Physics Tip Sheet #83, July 30, 2008
American Physical Society
Highlights in this Issue:
Colossal Carbon Tubes leave Kevlar and Nanotubes in the Dust
H. Peng, D. Chen, J.-Y. Huang, S. B. Chikkannanavar, J. Hänisch, M. Jain, D. E. Peterson, S. K. Doorn, Y. Lu, Y. T. Zhu, and Q. X. Jia
A collaboration of Chinese and American physicists has discovered a way to make a new carbon structure that could lead to fabrics 30 times stronger than Kevlar and 224 times stronger than cotton. The group dubbed the structures colossal carbon tubes because they're thousands of times larger than carbon nanotubes. At 40-100 millionths of a meter across and centimeters long, they're comparable in size to typical cotton fibers.
The structures consist of nested inner and outer tubes separated by hollow channels, making the tubes both light and strong. While they are nowhere near as strong as carbon nanotubes, the colossal tubes are much more ductile than the nanoscopic variety, making them more suited for spinning into threads and weaving into fabrics. The colossal tubes conduct electricity and show some of the properties of semiconductors, which means that they could lead to novel microelectronic components as well as super strong cloth.
The details regarding how the intricate structures form is still hazy, but the researchers propose that colossal carbon tubes could be incorporated into improved body armor, stronger carbon fiber composites (which are often shaped into parts for high-performance and lightweight vehicles), or components in microelectronics and tiny machines. - JR
Spin Flips Hit the Speed Limit
S. Serrano-Guisan, K. Rott, G. Reiss, J. Langer, B. Ocker, and H.W. Schumacher
A team of physicists at Physikalisch-Technische Bundesanstalt in Germany has managed to flip a nanoscopic magnet as fast as the fundamental speed limit allows. Their experiment consisted of two stacked layers of tiny magnets separated by a thin barrier to form what is called a magnetic tunnel junction. Such magnetic tunneling junctions are promising candidates for future magnetic memory chips.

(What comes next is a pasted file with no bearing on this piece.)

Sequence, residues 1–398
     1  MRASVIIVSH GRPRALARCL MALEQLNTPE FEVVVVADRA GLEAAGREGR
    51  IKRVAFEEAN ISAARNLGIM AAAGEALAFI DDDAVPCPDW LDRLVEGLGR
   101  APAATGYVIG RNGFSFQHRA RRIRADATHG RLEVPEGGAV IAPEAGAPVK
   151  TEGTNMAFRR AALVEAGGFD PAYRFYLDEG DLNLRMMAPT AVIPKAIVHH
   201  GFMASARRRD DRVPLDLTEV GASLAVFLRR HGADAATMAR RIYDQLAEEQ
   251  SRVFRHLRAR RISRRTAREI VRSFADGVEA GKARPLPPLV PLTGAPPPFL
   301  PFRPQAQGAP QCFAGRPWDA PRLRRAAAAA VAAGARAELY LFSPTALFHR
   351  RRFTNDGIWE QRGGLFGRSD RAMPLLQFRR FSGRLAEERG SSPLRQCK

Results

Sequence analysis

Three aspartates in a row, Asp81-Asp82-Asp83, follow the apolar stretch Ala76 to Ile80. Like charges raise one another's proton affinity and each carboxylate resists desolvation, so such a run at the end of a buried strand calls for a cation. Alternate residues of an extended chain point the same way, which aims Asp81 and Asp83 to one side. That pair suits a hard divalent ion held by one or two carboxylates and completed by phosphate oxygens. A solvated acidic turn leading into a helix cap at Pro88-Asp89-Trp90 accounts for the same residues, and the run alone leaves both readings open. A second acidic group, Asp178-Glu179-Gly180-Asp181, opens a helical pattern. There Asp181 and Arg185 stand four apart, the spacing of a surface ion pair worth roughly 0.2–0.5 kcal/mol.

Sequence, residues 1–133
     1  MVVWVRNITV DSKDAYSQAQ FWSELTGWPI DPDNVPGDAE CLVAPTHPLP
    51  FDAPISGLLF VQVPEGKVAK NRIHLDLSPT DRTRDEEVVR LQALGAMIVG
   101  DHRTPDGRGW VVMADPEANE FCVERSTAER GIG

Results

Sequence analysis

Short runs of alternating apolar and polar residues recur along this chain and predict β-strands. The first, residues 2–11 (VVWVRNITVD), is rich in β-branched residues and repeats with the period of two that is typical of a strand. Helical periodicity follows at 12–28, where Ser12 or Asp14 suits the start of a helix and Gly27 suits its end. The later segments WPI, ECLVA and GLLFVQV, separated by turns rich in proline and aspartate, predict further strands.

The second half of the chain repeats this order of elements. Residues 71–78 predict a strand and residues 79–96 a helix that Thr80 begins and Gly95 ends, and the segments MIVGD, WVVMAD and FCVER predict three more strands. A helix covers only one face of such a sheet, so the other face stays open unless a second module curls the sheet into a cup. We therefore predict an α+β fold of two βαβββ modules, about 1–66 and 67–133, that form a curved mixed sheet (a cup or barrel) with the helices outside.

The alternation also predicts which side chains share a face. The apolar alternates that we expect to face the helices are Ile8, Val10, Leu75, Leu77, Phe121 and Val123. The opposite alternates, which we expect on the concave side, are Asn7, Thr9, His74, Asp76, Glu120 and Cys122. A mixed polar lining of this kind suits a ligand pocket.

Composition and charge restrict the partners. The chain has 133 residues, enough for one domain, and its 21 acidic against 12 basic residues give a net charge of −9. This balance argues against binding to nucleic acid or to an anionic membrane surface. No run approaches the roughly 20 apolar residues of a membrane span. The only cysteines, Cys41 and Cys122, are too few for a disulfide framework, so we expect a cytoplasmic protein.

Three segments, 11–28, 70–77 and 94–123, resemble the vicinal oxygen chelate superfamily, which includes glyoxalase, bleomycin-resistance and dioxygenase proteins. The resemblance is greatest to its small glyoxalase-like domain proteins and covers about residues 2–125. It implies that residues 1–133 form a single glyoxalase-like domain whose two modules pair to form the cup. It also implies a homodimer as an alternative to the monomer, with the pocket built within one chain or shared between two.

The researchers allowed electrons aligned in a special way to flow between the layers, developing a spin torque, or twisting force that is transferred from one layer of nanomagnet onto the other. This torque pumps enough energy to the nanomagnet to make it move faster and faster until it changes direction. Several measurements showed that the researchers were able to switch the direction of magnetization as fast as physically possible.
Their spin torque record is important for the next generation of low current, ultra fast magnetic memory chips and sensors. This new generation of electronics encodes information in an electronic spin, rather than in an electronic charge. The spin torque switching effect is a powerful new approach to controlling electronic spins. - NR
50 Years of PRL
Physical Review Letters turns 50 this year. Martin Blume is celebrating the green journal's birthday by summarizing the most intriguing papers to appear in PRL each year since 1958. To see past editions of Marty's Milestone PRL project, visit http://prl.aps.org/50years/milestones
This week, Marty is taking a look at a milestone paper from 1982 that led to the 1998 Nobel Prize in Physics.
Two-Dimensional Magnetotransport in the Extreme Quantum Limit
Following on the discovery of the integer Quantized Hall Effect by von Klitzing and coworkers, Tsui, Stormer, and Gossard undertook studies of a two-dimensional electron fluid at higher magnetic fields and lower temperatures than had previously been done. In this Letter they presented surprising results showing a plateau of the Hall effect at 1/3 the von Klitzing conductance value, (1/3)(e2/h). Several explanations for the results were discussed in the Letter, but the authors finally concluded "At the present there is no satisfactory explanation for all of our observations". Many possible explanations were put forward by others in a flurry of papers, but the conclusive explanation was given by Laughlin in 1983 (selected as a Milestone for that year). He showed that a new state of matter with many-particle interactions accounted for the experimental results.
The 1998 Nobel Prize in Physics was awarded to R. B. Laughlin, Horst Stormer, and Daniel Tsui "for their discovery of a new form of quantum fluid with fractionally charged excitations". See Physical Review Focus 2, story 18 (http://focus.aps.org/story/v2/st18) for a readable description of this work.
Nadia Ramlagan and James Riordon contributed to this Tip Sheet.
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